There is no cure for non-Hodgkin’s lymphoma, but there are various treatment options that can kill the cancer cells and send it into remission. These may include chemotherapy, radiation therapy, targeted drug therapy, cell therapy, bone marrow transplant, and immunotherapy. The overall 5-year survival rate for non-Hodgkin’s lymphoma is 72%, according to the American Cancer Society. As with most forms of cancer, treatment is most successful when it is identified early on and with slow-growing lymphomas.
Past Roundup Lawsuits
There are conflicting opinions on Roundup and its link to non-Hodgkin’s lymphoma, but approximately 125,000 lawsuits have been filed against Bayer. Most of these cases involve residential Roundup use on gardens and lawns. The company has already paid out about $11 billion in settlements and verdicts amid claims that Roundup causes non-Hodgkin’s lymphoma and that Bayer and Monsanto failed to warn consumers of the risk.
Several Roundup cases have gone to trial with outcomes favoring the plaintiffs. In August 2018, a jury awarded a groundskeeper $289 million, unanimously finding that Monsanto had failed to warn of the potential for glyphosate to cause cancer. The groundskeeper, who worked for a school district in San Francisco, had Stage IV non-Hodgkin’s lymphoma. In March 2019, another jury awarded a 70-year-old man more than $80 million after finding that exposure to Roundup caused him to develop non-Hodgkin’s lymphoma. He had been using the weed killer to handle poison oak and weeds on his property for more than a quarter of a century.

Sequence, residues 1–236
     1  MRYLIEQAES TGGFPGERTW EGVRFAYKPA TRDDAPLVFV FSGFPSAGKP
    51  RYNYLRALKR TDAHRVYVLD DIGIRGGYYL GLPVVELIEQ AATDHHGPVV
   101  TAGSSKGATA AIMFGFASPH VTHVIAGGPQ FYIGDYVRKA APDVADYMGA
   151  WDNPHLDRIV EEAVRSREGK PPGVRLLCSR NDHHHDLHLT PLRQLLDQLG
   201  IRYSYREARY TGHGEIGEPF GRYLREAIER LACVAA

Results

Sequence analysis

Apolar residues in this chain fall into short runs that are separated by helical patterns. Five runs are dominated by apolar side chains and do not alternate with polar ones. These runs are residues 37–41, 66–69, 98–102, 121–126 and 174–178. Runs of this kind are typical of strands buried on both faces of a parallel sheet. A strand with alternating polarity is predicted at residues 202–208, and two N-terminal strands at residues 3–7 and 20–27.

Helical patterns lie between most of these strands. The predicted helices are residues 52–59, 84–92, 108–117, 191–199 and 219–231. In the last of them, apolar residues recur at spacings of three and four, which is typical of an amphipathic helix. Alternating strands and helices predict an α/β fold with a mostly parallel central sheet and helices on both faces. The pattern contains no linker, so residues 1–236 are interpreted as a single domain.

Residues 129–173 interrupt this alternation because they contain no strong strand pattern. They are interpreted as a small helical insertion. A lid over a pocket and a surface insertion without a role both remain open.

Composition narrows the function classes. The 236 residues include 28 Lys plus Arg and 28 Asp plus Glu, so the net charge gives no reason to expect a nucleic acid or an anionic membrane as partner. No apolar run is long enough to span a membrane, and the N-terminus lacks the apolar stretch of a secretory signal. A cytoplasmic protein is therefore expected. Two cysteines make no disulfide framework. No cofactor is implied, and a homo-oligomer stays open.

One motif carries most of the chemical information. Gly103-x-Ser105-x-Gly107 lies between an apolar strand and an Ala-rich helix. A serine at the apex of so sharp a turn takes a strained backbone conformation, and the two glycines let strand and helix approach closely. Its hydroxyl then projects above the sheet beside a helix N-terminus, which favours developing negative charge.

In May 2021, a U.S. District Court judge rejected a $2 billion class action proposal from Bayer that would have provided limited compensation for future Roundup lawsuits. Several months after that decision, Bayer announced that it would stop selling glyphosate-containing products to residential consumers starting in 2023.
Could this be part of a bigger plan by Bayer to stop future lawsuits? Considering some have linked glyphosate to cases of non-Hodgkin’s lymphoma presenting 10 to 15 years after exposure, this plan might not be that effective.
Ask a Pennsylvania Roundup Lawsuit Attorney at HHR
If you or someone you know has been diagnosed with non-Hodgkin’s lymphoma after exposure to Roundup or any glyphosate-containing product, you have the right to speak with an attorney about your legal options. At Handler, Henning & Rosenberg LLC, we have been helping clients across Pennsylvania for the past 100 years, handling cases involving serious personal injuries, workers’ compensation and work-related injuries, and more. If you want to learn about the ways we can help with a case involving non-Hodgkin’s lymphoma related to Roundup exposure, give us a call at (888) 498-3023. Your consultation is free and confidential.